The Tesla Roadster is one of the hottest cars
on the planet. In addition to being an exotic looking vehicle, it's also 100% electric, goes 0-60mph in about 4 seconds, gets about 135 mpg (equivalent), 250 miles per charge, and Tesla claims it only costs about $0.01 per mile. Wow, fast and environmentally friendly, who couldn't love that? Puts my gas-guzzling V10 Dodge Viper
to shame. The Tesla Roader retails for only about $100,000 with all the options, which is a steal
for the performance, looks, and electric-powered feature. Al Gore and the Hollywood elite that are environmentally-friendly no longer have to puts around in some hybrid-electric car that may get 50-100mpg, but is slower than molasses and is as ugly as sin!
Although all of Tesla's 2007's model years are sold out - more proof of how "hot" this car truly is. A friend of mine was interested in purchasing a Tesla Roadster a few weeks ago and inquired about how to reserve one. Tesla Motors
told him that they require a deposit of $75,000. No big deal, right? Wrong. It's actually called a "reservation payment" and not a deposit. While that distinction doesn't seem a big deal, my friend looked into it further and discovered that this $75,000 (3/4 the price of the car) is not put into escrow. That is, your deposit, err, I mean reservation payment is given to Tesla Motors and they can do whatever the hell they want with it. They can use this money to fund their capital expenditures and to build other people's cars ahead of you.
If Tesla Motors goes belly-up after you give them $75,000, don't expect your money back. You will have no legal recourse, except maybe to fight for scraps in a bankruptcy court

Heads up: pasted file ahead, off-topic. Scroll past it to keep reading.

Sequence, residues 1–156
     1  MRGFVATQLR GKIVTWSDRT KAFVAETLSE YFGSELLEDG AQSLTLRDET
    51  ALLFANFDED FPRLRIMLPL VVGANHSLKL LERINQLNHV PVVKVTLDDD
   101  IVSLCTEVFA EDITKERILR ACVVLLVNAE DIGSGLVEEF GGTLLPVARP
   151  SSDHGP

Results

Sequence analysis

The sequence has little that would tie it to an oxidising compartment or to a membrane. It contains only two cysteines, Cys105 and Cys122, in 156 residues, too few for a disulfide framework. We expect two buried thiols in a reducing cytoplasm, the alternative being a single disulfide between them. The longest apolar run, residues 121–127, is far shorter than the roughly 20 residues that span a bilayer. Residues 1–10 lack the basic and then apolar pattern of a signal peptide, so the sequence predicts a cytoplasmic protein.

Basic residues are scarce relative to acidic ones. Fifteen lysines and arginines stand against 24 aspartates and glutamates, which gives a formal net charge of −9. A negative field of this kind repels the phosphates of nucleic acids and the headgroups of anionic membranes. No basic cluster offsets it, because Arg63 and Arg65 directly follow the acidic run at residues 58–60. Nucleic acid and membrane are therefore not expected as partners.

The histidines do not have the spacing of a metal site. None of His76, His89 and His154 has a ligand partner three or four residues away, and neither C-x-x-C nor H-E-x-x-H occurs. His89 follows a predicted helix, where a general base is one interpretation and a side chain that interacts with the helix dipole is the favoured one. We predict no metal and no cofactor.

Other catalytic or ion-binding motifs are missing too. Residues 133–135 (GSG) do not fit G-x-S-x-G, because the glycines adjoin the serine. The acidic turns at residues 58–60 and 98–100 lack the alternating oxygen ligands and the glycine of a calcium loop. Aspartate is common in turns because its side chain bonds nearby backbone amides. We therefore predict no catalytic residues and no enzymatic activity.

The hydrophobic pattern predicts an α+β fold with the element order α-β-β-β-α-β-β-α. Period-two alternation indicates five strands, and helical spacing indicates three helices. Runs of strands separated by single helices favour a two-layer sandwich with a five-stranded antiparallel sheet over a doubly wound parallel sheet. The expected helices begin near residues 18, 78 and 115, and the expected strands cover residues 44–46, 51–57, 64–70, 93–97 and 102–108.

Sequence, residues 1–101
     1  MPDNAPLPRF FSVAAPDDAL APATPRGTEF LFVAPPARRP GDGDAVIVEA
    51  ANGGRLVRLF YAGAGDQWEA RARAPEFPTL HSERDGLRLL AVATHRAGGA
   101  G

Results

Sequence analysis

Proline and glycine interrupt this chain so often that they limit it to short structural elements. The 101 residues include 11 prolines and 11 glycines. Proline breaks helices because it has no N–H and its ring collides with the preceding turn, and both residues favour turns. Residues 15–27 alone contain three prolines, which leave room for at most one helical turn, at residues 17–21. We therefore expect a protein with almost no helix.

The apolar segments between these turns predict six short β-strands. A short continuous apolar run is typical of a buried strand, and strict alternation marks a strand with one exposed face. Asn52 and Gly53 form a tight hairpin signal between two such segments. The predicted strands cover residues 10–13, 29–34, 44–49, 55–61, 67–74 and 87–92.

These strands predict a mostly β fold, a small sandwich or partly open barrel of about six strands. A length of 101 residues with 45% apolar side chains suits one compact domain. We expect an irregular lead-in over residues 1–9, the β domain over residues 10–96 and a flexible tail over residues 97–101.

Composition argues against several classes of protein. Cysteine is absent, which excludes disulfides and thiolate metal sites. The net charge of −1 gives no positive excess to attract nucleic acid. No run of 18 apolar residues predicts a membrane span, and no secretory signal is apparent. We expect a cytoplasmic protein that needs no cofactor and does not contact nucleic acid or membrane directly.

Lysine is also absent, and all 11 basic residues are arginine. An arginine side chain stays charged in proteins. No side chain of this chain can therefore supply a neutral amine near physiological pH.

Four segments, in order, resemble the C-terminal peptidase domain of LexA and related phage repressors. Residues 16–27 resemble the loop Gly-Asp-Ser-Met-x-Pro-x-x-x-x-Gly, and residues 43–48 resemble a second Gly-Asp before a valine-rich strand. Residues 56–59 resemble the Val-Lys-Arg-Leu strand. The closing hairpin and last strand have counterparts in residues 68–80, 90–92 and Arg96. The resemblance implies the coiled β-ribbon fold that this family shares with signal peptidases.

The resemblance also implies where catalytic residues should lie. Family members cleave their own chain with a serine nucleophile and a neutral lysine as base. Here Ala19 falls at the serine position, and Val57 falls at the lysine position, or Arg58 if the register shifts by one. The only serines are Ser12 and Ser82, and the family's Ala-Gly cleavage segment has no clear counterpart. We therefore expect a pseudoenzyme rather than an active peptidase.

after the banks and creditors have taken the lion share.
I couldn't believe my ears that it could be possibly true that a customer could spend $75,000 as a down-payment for a product and potentially be out $75,000! So my friend forwarded to me his email interactions with Tesla Motors. I took some highlighted excerpts from the email back & forth.Friend:
Tell me, and I hate to ask this, but...is my money secured...in other words if you cannot deliver a car in Q4 2007 for whatever reasons, how do I know that you have not used the $75K for operating expenses during that time? Is it in escrow? Tesla:
In terms of the deposit, it is not put in escrow so you would become an unsecured creditor. But the most expensive part of manufacturing has already been committed by us. We have purchased all the necessary tooling and it is already in the plant. So money would not be a reason for us to not produce a car. We're also ahead of schedule in terms of safety testing. We are setting enough aside to allow for those who will ask for a refund as well. In addition, we have raised $60M but will most likely go out for more capital late this year or early 2007 and there are quite a few investors knocking on our doors to invest. So finding capital will not be like it was for our first 3 series. I'm thinking "What? They are looking for investors and 'finding capital' (investments) while their customers are putting huge amounts of unsecured money into their hands? Essentially the customers are the VCs (venture capitalists) whether they know it or not!"Friend: